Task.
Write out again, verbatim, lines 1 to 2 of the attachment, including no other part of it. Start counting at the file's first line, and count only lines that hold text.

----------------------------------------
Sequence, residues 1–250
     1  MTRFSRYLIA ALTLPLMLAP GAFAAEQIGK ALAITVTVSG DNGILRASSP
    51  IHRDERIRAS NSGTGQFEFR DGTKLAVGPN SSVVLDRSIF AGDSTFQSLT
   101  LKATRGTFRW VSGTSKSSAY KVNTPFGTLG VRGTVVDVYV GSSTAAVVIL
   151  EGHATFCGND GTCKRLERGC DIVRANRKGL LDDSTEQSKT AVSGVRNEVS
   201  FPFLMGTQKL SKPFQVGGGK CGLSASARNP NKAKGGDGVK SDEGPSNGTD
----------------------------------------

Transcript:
Sequence, residues 1–250
     1  MTRFSRYLIA ALTLPLMLAP GAFAAEQIGK ALAITVTVSG DNGILRASSP